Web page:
-- Execute your query here
SHOW STATUS like 'Hand%';

To check the actual number and kind (PK access, ref, index scan, table scan) of row operations. I would use it to test each table access individually.

For more specific help, we would need the table structure of each table and the approximate selectivity of each filter condition.

share|improve this answer
+1 for Do not trust explain. InnoDB stats are always guesses. Even if setting innodb_stats_on_metadata to 0 can stabilize the explain plan, it will make the plan use stale stats more often. Explaining calculations based on statistics and post-execution statistics is brilliant. – RolandoMySQLDBA Aug 8 '14 at 16:35
Great answer! +1 for explaining index dive vs statistics. – Morgan Tocker Aug 8 '14 at 16:48
@rolandomysqldba independently of the engine, MySQL will use an index dive in many cases, and much better with the 5.6 tuning:… Also, persistent statistics usually makes them more stable, which is generally a good thing. – jynus Aug 8 '14 at 17:37

+1 to @junus for the explanations regarding EXPLAIN, the slow query log and rows examined.

Regarding "How to optimize the query":

Assuming there is an explicit foreign key relationship between the products and the members table, the join between them:

ephpb2b_products off  
  INNER JOIN ephpb2b_members mem 
    ON  off.uid = 

can be converted to a LEFT JOIN. The FK will assure that the two queries are 100% equivalent. Having that in mind, and that the where and order clauses:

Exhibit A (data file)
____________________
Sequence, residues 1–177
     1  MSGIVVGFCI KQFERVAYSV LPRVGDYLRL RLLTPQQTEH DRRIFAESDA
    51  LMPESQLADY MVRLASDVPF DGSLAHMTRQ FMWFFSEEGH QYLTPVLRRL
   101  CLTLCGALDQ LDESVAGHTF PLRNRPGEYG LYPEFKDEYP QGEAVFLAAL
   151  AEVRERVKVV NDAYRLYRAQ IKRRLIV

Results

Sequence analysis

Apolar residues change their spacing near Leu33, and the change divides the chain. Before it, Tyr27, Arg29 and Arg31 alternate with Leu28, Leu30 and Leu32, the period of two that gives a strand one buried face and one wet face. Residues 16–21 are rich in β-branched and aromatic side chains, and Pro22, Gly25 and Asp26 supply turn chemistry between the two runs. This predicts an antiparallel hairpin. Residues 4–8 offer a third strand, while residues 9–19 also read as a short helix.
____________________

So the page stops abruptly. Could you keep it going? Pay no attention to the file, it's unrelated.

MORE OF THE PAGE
WHERE off.approved=1
ORDER BY off.viewed  

uses only columns from the base table (products), i.e. the table in the "left" part in the FROM clause, we can use a subquery to limit the rows first and the join the other two tables, a technique I call
"first limit, then join":

    ( SELECT p.*                                 -- first limit
      FROM ephpb2b_products AS p
      WHERE p.approved=1
      ORDER BY p.viewed  
      LIMIT 15  
    ) AS off 
  LEFT JOIN                                      -- then join
    ephpb2b_members AS mem 
      ON  off.uid = 
    ephpb2b_product_language_new AS pol 
      ON  pol.language = 'en'                                         
      AND pol.offer_id =   
    off.viewed ;                         -- no LIMIT required here 

With an index on ephpb2b_products (approved, viewed), the subquery will be quite efficient. The rest of the execution plan will not matter as only 15 rows will be involved (and I assume you have indexes in the joining columns).

An additional index on phpb2b_product_language_new (language, offer_id) may also improve further the efficiency (but not blindly add this, test first. The above index and rewriting may be just enough to improve speed drastically.)

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up vote 0 down vote accepted

Thank you everyone for your insights. I solved this issue by splitting this query in two different queries. First I queried for ids, then just passed those ids to other table for info.

select id from ephpb2b_products off INNER JOIN ephpb2b_members mem 
    ON  off.uid = 
where off.approved=1 
order by off.viewed  


select * from ephpb2b_product_language_new where offer_id IN ({ids from lasts query})

This performs much better and doesn't act weird.